There has been significant discussion lately about the need to restrict or improve the disclosure of trades made by corporate executives under 10b5-1 plans. In late 2019, I co-authored a series for Corporate Counsel discussing why public companies should consider updating their insider trading policies and training (see below with links to the article series). In part three of the series, I discussed the regulatory focus on 10b5-1 plans, the stock trading plans that corporate executives routinely rely on to trade company stock.
Despite the legitimacy and legality of 10b5-1 plans, they have come under scrutiny by the media, academics and government officials for being subject to manipulation by corporate insiders. My article summarized two pieces of legislation that had been introduced in Congress seeking to require the Securities and Exchange Commission (SEC) to formally review the regulations governing 10b5-1 plans and determine whether additional trading restrictions were warranted.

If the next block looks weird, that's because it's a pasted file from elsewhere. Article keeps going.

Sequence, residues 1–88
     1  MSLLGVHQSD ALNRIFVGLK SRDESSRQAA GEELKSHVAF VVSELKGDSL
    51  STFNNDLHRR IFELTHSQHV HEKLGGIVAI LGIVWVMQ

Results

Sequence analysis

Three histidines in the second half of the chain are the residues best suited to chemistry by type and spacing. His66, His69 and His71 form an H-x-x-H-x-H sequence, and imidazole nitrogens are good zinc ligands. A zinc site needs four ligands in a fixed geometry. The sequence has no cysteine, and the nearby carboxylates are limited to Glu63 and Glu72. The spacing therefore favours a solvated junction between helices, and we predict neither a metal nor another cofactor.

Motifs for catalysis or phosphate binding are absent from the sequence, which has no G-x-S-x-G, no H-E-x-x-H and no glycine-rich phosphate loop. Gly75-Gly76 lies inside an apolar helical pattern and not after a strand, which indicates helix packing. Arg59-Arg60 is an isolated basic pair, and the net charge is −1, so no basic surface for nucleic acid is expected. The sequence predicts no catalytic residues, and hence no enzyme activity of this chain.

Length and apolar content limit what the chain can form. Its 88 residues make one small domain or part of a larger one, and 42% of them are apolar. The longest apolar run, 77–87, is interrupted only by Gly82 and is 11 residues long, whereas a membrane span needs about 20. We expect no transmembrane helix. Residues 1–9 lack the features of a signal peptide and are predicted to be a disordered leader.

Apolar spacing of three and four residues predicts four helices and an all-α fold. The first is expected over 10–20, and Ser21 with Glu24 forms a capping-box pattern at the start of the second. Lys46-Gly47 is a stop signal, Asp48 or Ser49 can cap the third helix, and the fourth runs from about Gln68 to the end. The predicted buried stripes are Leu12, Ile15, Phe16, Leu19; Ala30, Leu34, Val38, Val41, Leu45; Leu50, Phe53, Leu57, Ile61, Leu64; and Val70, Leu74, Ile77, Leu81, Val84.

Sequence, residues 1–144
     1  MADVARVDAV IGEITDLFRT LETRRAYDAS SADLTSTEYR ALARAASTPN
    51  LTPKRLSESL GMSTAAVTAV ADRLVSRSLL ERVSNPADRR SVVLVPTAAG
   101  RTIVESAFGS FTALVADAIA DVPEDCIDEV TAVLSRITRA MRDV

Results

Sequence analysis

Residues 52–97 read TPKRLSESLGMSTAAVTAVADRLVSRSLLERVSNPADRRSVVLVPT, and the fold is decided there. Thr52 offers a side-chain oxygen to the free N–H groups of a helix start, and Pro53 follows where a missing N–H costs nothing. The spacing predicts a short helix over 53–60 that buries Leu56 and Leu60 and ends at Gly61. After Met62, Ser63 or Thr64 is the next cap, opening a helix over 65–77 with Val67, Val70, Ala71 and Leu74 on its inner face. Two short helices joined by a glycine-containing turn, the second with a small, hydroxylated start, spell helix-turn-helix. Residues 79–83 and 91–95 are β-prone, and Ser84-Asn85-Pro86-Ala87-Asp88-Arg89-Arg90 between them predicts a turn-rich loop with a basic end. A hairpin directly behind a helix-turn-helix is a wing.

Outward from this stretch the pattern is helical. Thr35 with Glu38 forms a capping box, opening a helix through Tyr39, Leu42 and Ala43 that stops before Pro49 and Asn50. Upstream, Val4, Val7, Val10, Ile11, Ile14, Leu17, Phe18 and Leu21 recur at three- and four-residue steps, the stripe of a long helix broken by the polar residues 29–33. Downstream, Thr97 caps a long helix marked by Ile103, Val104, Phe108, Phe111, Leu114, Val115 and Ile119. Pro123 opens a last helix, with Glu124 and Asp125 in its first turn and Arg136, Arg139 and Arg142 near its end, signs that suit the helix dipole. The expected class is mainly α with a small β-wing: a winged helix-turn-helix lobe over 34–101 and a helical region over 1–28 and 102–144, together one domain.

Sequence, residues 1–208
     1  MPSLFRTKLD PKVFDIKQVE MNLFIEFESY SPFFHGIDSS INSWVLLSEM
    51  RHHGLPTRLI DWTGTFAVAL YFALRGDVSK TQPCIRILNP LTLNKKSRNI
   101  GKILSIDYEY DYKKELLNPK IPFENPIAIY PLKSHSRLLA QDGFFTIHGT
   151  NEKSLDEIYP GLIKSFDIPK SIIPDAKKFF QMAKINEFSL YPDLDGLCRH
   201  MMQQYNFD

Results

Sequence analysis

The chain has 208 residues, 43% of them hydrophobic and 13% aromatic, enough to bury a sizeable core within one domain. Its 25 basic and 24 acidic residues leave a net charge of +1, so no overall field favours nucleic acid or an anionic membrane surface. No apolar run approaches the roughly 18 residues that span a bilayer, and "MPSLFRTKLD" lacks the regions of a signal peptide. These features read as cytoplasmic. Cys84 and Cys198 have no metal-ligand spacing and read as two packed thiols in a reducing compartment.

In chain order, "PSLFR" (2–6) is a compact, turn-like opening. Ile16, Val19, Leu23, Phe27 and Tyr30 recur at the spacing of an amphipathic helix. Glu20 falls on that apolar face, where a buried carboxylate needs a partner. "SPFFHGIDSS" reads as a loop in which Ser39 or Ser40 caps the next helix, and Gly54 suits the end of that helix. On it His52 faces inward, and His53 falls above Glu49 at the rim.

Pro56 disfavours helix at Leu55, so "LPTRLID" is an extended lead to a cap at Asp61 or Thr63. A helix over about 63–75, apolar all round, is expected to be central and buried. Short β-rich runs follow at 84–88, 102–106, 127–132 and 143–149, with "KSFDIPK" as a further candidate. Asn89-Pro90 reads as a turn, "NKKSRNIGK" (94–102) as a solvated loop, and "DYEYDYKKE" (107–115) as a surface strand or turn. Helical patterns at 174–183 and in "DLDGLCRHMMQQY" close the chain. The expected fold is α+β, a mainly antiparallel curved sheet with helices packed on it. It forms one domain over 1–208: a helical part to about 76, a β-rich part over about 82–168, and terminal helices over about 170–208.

Executive Trades Under 10b5-1 Plans Scrutinized
While these bills have stalled in Congress, government officials have continued to scrutinize executive trades made under 10b5-1 plans and call for additional restrictions on the scope and use of these plans. Two seniors SEC officials recently took the time to express concerns about 10b5-1 plans shortly before leaving their posts. In a speech on November 19, 2020, outgoing SEC Chairman Jay Clayton expressed concern about situations where trading occurs (or does not occur) around times that 10b5-1 plans are implemented, amended or terminated.